S. aureus has a great ability to develop antimicrobial resistance. The first penicillin-resistant strains arose in the mid-1940s, and as early as the 1960s, reports described the isolation of S. aureus with broad resistance to beta-lactams, especially methicillin (MRSA) [3]. At first, the infections caused by MRSA were limited to hospitalized patients (HA-MRSA), but since the 1990s, strains associated with community-acquired infections (CA-MRSA) have also been isolated [4]. There are different strains of CA-MRSA around the world that are typically prevalent in certain regions, such as the ST 80 strain that is disseminated throughout Europe and ST 30 in Australia [4]. The USA 300 strain, which is associated with infections in hospitals and in the community, was initially reported in the US. However, it has been isolated from different continents, and it has become a global concern due to its hypervirulence, reduced susceptibility to different antimicrobials and great epidemic potential.

Plant resources can also be sources of compounds with antimicrobial properties. Several studies on plant extract libraries have been established, and the results show the importance of this strategy for the discovery and development of new drugs [5, 6]. Coumarin derivatives have displayed activity against S. aureus and Bacillus anthracis DNA helicases [7]. Further reports have described the efficacy of intraperitoneal injections of a synthetic dicoumarin derivative in septicemic mice [8] and hypodermic injections of lysionotin in mouse pneumonia model [9], confirming the potential use of natural products as leads for new drugs.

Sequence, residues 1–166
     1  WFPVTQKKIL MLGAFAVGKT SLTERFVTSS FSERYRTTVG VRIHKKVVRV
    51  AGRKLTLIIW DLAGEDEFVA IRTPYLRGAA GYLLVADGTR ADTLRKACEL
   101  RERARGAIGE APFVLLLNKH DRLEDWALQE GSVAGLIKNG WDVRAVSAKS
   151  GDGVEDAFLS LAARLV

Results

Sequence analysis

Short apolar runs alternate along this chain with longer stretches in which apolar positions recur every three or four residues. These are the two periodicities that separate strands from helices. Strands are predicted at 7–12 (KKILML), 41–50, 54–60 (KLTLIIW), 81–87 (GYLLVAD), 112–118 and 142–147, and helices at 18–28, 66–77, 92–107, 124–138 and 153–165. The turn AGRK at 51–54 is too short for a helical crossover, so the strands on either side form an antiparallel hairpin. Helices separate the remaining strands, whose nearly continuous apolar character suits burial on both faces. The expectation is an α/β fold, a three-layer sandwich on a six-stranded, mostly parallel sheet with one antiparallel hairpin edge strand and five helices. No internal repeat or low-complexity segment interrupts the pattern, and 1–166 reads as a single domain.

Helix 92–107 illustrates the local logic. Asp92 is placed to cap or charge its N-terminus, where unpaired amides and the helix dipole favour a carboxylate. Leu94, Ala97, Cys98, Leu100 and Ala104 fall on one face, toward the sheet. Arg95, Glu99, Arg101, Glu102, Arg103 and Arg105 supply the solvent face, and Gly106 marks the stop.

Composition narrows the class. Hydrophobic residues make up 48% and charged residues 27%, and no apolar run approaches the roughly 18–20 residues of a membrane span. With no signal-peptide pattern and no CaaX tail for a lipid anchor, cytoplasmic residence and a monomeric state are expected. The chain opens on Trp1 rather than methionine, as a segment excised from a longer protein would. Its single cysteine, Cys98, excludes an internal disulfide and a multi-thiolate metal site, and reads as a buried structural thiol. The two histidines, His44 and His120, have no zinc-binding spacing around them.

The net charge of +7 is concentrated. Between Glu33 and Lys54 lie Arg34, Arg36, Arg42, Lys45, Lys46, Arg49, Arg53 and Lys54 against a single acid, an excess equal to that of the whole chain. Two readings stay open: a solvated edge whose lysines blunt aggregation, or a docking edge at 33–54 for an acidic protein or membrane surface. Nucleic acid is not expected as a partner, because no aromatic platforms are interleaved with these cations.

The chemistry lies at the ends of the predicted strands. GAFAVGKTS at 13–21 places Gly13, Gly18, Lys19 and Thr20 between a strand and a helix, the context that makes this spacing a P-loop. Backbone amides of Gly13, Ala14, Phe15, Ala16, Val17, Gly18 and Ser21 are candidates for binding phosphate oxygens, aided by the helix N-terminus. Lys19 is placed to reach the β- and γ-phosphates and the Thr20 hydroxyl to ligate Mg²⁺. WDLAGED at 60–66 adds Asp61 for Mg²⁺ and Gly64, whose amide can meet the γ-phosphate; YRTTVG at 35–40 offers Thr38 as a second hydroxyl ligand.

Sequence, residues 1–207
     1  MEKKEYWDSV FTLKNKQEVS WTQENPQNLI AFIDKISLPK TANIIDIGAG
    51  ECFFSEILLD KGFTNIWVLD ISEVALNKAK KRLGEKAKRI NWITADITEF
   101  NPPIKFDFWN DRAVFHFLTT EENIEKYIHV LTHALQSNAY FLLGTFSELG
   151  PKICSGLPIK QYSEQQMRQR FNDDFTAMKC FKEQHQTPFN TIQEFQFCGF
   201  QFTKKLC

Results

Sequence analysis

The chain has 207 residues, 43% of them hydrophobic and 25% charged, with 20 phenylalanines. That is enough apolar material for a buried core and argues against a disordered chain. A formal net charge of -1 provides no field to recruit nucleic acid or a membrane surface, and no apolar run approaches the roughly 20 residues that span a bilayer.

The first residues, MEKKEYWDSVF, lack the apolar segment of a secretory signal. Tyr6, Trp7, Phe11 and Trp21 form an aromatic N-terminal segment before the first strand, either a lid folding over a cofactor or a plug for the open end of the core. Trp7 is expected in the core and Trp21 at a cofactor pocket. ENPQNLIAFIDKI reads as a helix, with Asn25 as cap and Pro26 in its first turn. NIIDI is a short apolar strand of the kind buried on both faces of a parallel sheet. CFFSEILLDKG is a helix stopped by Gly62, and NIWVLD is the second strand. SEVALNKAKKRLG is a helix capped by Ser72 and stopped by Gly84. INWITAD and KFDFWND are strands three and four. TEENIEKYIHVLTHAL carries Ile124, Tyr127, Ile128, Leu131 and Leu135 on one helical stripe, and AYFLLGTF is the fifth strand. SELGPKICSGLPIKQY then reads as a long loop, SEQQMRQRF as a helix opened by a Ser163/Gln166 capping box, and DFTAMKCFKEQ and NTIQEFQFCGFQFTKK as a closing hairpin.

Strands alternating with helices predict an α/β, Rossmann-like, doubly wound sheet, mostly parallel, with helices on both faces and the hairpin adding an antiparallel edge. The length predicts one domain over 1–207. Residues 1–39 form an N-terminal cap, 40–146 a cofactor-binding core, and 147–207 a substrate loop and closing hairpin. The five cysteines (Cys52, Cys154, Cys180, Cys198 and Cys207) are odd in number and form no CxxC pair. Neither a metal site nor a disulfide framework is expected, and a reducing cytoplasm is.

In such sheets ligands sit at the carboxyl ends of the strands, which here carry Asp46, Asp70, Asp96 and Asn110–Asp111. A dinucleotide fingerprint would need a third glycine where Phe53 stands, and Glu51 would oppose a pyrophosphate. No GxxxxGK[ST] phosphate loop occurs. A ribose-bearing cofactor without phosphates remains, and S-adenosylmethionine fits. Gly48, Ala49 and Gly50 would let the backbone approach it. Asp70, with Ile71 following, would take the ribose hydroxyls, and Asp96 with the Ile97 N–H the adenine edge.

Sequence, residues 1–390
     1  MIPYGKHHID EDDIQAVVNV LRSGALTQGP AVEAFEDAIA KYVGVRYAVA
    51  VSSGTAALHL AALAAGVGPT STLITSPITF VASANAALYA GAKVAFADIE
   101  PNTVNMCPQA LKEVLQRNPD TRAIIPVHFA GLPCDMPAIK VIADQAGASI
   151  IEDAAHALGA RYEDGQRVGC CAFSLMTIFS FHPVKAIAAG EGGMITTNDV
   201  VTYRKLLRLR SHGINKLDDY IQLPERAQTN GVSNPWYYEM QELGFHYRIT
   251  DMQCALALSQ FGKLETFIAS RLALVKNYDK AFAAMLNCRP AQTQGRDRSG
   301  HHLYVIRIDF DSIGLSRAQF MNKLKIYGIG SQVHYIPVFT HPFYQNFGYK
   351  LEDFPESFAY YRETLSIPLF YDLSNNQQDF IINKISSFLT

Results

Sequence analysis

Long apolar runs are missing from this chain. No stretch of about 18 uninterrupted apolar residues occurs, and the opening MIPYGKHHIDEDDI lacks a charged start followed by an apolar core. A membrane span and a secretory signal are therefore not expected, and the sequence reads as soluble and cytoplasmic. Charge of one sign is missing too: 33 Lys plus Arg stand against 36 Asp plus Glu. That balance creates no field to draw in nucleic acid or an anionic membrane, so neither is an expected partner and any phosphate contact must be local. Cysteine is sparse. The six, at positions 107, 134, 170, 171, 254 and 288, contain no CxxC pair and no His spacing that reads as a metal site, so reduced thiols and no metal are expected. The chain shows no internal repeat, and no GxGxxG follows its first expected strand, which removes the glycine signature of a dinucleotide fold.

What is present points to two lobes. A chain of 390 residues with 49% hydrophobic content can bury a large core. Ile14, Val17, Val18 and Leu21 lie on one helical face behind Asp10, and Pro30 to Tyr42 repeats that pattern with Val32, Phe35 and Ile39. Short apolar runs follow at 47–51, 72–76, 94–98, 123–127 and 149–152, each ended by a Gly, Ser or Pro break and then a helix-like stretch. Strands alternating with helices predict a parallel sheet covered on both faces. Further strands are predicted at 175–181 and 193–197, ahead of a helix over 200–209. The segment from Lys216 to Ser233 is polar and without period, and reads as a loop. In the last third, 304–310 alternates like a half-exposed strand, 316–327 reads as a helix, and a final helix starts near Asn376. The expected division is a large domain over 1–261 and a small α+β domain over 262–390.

The Atlantic Forest biome is the second-largest block of tropical forest in Brazil and has the second-highest biological diversity, behind only the Amazon. As an area of great potential for medical research, the forest originally covered 15% of the Brazilian territory but it presently suffers from constant deforestation pressure due to urban expansion and the withdrawal of trees for conversion into coal, which endangers the fauna and flora of the region. Considering the great diversity of the Atlantic Forest biome, which hosts plant species still unknown to science, along with the urgency to discover new antimicrobial agents, the present work presents a bioprospection of natural products in the native trees extracts from this ecosystem. The antimicrobial activity of some of these plants was demonstrated for the first time.

Methods

Microorganisms and culture conditions

S. aureus ATCC 29213 was used as a test strain to evaluate the antibacterial activity of the plant extracts. Four field isolates of S. aureus (302/4, 469/4, 4130, and 4651), which originated from cows presenting mastitis, were also used to determine the MIC of the active fraction. The bacteria were maintained on Brain Heart Infusion agar (BHA, Fluka, Munich, GER) or Müeller-Hinton agar (MHA, Himedia, Mumbai, IND). For the antibacterial assays, bacteria were streaked onto MHA and cultured overnight at 37 °C before being used for inoculum preparation as described below. Stock cultures were stored at − 80 °C in BHI medium containing 20% glycerol.

Plant material and extraction